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Best practices for OpenTelemetry with New Relic

Here are some best practices based on how OpenTelemetry works with New Relic:

Tip

For information about resolving specific issues, see our troubleshooting guide.

Resources

A resource in OpenTelemetry represents information about an entity generating telemetry data. All telemetry data sent to New Relic is expected to be associated with a resource so that it can be linked with the appropriate entity in New Relic. The OpenTelemetry Resource SDK specification defines the functionality implemented by all language SDKs for defining a resource.

The following suites of attributes are defined by the OpenTelemetry resource semantic conventions. These attributes are usually set by creating a resource using the OpenTelemetry SDK.

  • service.* attributes
    • service.name attribute is required to associate your resource with an entity in the UI
    • service.instance.id is required for certain panes to light up
  • telemetry.sdk.language=java is required to see data in the JVM section

Batching

Caution

Avoid getting rate limited! You should batch requests sent to the OTLP endpoint as described in this section.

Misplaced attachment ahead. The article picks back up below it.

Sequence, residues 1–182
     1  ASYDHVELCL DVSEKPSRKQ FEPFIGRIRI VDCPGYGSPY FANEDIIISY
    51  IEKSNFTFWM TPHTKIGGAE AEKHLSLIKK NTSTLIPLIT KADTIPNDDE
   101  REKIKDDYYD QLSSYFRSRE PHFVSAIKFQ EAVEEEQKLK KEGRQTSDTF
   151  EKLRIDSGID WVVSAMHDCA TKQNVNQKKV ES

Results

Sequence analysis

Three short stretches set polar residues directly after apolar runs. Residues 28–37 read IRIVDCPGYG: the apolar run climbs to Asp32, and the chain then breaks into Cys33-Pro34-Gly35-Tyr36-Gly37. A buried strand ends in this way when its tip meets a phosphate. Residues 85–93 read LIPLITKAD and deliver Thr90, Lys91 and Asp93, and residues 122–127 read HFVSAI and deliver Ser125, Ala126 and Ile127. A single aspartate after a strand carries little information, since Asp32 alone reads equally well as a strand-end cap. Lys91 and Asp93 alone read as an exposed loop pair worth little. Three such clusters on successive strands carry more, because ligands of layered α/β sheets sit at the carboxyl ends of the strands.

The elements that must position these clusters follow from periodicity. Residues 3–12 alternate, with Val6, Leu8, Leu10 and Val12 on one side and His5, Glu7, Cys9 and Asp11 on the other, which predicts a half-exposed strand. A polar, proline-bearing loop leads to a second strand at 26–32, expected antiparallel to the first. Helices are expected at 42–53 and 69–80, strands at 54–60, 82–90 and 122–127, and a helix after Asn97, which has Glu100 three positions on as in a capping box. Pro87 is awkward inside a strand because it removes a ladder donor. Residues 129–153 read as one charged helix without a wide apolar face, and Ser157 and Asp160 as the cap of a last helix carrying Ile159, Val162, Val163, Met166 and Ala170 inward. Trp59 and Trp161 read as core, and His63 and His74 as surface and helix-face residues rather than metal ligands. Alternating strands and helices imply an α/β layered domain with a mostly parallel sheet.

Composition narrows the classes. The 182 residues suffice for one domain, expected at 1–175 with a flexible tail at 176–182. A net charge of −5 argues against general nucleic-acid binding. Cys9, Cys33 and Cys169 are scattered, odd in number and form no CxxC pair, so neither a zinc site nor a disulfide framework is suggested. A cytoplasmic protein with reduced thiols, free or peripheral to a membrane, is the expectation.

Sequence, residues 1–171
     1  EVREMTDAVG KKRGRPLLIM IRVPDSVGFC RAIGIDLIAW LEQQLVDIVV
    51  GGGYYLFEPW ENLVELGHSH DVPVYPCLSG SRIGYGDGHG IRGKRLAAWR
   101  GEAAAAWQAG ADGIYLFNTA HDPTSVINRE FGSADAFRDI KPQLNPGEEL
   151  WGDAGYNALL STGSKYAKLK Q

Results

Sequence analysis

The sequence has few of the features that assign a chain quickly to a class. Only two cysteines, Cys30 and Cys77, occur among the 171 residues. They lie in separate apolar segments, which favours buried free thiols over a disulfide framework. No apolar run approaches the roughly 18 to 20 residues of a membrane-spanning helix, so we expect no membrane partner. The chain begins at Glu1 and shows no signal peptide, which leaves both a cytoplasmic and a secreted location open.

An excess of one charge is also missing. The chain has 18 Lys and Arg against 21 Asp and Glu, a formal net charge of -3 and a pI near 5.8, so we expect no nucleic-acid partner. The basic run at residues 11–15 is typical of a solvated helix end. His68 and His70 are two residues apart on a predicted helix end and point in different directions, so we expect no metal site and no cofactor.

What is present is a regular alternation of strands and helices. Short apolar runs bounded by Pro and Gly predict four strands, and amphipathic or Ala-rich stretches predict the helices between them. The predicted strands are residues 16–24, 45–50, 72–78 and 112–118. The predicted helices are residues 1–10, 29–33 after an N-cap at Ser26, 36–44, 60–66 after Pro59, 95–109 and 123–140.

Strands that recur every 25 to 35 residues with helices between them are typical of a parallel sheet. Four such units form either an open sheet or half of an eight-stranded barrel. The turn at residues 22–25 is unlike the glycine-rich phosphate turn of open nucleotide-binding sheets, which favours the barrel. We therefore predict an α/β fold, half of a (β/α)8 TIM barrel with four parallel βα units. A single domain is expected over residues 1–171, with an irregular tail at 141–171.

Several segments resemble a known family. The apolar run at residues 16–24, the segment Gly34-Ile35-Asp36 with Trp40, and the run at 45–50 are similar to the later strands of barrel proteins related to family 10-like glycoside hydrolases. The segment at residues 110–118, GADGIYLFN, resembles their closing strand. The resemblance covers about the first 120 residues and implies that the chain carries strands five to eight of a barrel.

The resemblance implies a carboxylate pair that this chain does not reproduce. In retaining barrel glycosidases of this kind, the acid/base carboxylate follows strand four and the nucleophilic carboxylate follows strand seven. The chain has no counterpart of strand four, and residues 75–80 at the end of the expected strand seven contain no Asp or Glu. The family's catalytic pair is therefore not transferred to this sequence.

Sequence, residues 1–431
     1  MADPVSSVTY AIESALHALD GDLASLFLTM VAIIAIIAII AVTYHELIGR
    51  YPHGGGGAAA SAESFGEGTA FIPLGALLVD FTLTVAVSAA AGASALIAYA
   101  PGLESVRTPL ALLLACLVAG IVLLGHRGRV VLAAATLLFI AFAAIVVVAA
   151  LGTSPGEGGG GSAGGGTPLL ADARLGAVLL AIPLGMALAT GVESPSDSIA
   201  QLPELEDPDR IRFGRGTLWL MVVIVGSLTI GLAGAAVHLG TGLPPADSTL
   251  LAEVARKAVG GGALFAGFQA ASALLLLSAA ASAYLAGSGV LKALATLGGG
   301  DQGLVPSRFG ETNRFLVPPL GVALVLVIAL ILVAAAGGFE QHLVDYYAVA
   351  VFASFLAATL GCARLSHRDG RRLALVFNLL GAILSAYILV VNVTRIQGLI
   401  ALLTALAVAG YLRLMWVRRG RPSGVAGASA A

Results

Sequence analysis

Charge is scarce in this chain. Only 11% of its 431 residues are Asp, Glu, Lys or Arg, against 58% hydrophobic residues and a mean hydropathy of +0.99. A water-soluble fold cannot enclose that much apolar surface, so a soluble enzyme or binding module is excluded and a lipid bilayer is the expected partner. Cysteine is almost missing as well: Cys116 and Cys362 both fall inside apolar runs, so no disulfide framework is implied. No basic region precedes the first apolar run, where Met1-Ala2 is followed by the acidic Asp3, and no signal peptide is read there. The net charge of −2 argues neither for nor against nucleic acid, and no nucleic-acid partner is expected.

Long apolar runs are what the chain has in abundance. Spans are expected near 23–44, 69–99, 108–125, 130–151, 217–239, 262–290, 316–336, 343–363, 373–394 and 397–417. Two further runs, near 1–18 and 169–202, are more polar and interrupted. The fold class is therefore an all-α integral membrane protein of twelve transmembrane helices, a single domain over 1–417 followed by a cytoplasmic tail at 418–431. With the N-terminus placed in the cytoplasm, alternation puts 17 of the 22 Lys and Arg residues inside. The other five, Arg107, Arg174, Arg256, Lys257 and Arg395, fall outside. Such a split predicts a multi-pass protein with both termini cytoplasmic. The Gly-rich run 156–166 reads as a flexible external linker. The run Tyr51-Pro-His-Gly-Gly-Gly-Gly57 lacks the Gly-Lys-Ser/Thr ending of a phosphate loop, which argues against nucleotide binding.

By default, the OpenTelemetry SDKs and Collector send one (1) data point per request. Using these defaults, it is likely your account will be rate limited.

All OpenTelemetry SDKs and Collectors provide a BatchProcessor, which batches data points in memory. This batching allows requests to be sent with more than one (1) data point.

Component

Batch Processor

Collector

Batch Processor

Go SDK

BatchSpanProcessor

JS SDK

BatchSpanProcessor

Python SDK

BatchExportSpanProcessor

Compression

New Relic supports gzip compression for OTLP payloads exported over gRPC. To maximize the amount of data you can send per request, we recommend enabling compression in all OTLP exporters. If there are other compression formats you'd like to see us support, please let us know in the CNCF Slack channel.

Traces

Familiarize yourself with these trace topics to ensure your traces and spans appear in New Relic.

Required fields

The startTimeUnixNano and endTimeUnixNano fields on spans are required according to the OpenTelemetry protocol for trace data. When startTimeUnixNano is not present, the span is dropped and a NrIntegrationError is created. When endTimeUnixNano is not present, the duration of your span is large and negative.

The timeUnixNano field on span events is required. When timeUnixNano is not present, the span event is dropped and a NrIntegrationError is created.

The traceId and spanId fields on spans are required according to the OpenTelemetry protocol for trace data. When traceId or spanId are not present, the span is dropped and a NrIntegrationError is created.